Reply
  • thisisaname
    @dk382 great post and a shame I can only give you one vote.

    A quick search "3060 Ti FE launch price in UK"
    The RTX 3060 line, in either of its configurations, impresses based upon its price-to-performance ratio, especially when considering that the RTX 3060 carries a $329 / £300 price tag and the RTX 3060 Ti has an MSRP of $399 and an RRP of £369

    Even if this was true I see no reason why the price has to rise I'm betting that the price of GDDR6X is now lower than the price of GDDR6 at launch given that this was nearly two years ago.

    Edit Spelling.
    Reply
  • InvalidError
    Imagine the irony here if a new 3060Ti variant ends up having more VRAM bandwidth than what Nvidia wants to push as the GTX4080/12GB. It would be embarrassing if a 3060Ti-G6X ends up beating the 4080/12GB in bandwidth-intensive scenarios.
    Reply
  • Alvar "Miles" Udell
    No more embarrassing than nVidia having two RTX 4080s with vastly different specs.
    Reply
  • cryoburner
    Alvar Miles Udell said:
    No more embarrassing than nVidia having two RTX 4080s with vastly different specs.
    That's because the cheaper one was likely intended to be the 4060 Ti or 4070 until the marketing department decided that they could sell it for more if they called it a 4080. : P

    Really though, the 4080 12GB's graphics chip is similar in size to the one used in the 3050 and 3060 (Non-Ti), and less than half the size of the one used in the 3080. Even if the process node is more expensive per wafer, the markup on those things has to be huge, and I can't really see much reason for the massive price increases over the 30-series, aside from Nvidia grasping at maintaining previous crypto-shortage price levels.

    And the performance of the 4080 12GB isn't even that good. Judging by Nvidia's own charts, it provides maybe 10-15% more rasterized performance over the $700 3080 in most games, for a nearly 30% higher MSRP. Sure, raytracing performance appears to have improved significantly in games that utilize it, and there will likely be big gains in some other titles as well, but it's been 2 years since those cards came out, and one would expect larger performance gains across the board, especially considering the 30% higher price. Maybe if the 4080 16GB were $900, that might be considered a reasonable price-hike, but this is a completely different card utilizing a different graphics chip that was clearly meant to target a more "mid-range" price level.
    Reply
  • InvalidError
    cryoburner said:
    Really though, the 4080 12GB's graphics chip is similar in size to the one used in the 3050 and 3060 (Non-Ti), and less than half the size of the one used in the 3080. Even if the process node is more expensive per wafer, the markup on those things has to be huge, and I can't really see much reason for the massive price increases over the 30-series, aside from Nvidia grasping at maintaining previous crypto-shortage price levels.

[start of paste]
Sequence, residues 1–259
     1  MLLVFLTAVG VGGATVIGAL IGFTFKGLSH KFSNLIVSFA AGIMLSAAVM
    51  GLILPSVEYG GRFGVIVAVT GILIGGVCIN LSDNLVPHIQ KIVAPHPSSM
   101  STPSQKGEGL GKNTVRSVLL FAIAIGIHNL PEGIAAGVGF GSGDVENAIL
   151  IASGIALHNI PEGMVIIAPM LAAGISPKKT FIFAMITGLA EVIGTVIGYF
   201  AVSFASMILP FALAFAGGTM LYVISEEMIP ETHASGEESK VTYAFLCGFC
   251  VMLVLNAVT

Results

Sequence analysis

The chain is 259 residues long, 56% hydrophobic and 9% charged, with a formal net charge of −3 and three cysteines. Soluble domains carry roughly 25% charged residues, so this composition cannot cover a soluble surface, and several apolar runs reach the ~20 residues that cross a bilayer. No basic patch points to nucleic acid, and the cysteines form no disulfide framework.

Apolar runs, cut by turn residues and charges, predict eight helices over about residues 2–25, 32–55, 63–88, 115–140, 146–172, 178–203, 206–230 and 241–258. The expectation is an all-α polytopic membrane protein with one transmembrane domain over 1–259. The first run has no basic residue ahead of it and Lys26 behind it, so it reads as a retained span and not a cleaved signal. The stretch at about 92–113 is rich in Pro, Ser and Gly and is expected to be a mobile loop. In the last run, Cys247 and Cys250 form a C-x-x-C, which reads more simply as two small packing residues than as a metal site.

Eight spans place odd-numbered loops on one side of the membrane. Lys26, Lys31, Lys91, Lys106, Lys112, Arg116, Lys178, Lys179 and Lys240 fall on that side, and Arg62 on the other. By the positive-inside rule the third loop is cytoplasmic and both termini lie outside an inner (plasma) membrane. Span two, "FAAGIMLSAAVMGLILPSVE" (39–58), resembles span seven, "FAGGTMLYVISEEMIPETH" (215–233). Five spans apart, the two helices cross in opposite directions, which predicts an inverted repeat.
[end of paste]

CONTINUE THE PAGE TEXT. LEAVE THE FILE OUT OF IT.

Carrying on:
The 30-series was fabbed at Samsung on 8nm, the 40-series is fabbed at TSMC on a semi-custom 5nm process. Between Samsung being a discount fab and 8nm being an older process than TSMC's 5nm, Ada wafers should be far more expensive than Ampere. IIRC, Samsung raised its fab prices only ~7% vs ~25% for TSMC over the last two years, that is another factor making 40-series chips more expensive per sqmm.

    Between the TSMC premium, the ~20% rate hikes delta between TSMC and Samsung, and 5nm vs 8nm, Ada wafers likely cost 60+% more than Ampere.

    As I've said over a year ago, it is highly unusual for AMD and Nvidia to go full-size on a new process right off the bat. Usually, they "grow" into a new process over 2-3 generations that bump performance up 30-60% at a time. This time around, they designed their new stuff to cater to the crypto miners' infinite wallets and may get a sick burn out of it now that ETH has gone PoS.
    Reply
  • cryoburner
    InvalidError said:
    Between the TSMC premium, the ~20% rate hikes delta between TSMC and Samsung, and 5nm vs 8nm, Ada wafers likely cost 60+% more than Ampere.
    But again, the chip is less than half the size of the one used in the 3080, so they can likely get twice the number of GPUs out of a single wafer.

    If they could put a similar-sized graphics chip in the 3050 and 3060, cards positioned at $250 and $330 MSRPs, then a ~60% increase in chip cost isn't going to drive the price up to $900. Even comparing it to the currently somewhat higher prices of those cards, I don't see much reason why the 4080 12GB couldn't have been positioned as a 4070 in the $500 to $600 range.

    Likewise, the entirely different chip found in the 4080 16GB is smaller than the one used in the 3060 Ti and 3070, cards with $400 and $500 MSRPs, so a 60% increase in chip manufacturing cost wouldn't account for it being priced at $1200. Even accounting for it having double the VRAM, I don't see much reason why it couldn't have been positioned as the $900 card.
    Reply
  • InvalidError
    cryoburner said:
    Even accounting for it having double the VRAM, I don't see much reason why it couldn't have been positioned as the $900 card.
    The reason is simple: duopoly. Since there is almost no meaningful competition (70+% of people still buy Nvidia GPUs despite costing $100-200 more than AMD's for a given amount of raster performance), Nvidia gets to charge whatever it wants up to the point where enough people quit buying to hurt its net income.
    Reply
  • HWOC
    InvalidError said:
    Imagine the irony here if a new 3060Ti variant ends up having more VRAM bandwidth than what Nvidia wants to push as the GTX4080/12GB. It would be embarrassing if a 3060Ti-G6X ends up beating the 4080/12GB in bandwidth-intensive scenarios.
    In real terms the 4080 would probably have faster memory access because the cache architecture is very different on the new cards, and much larger.
    Reply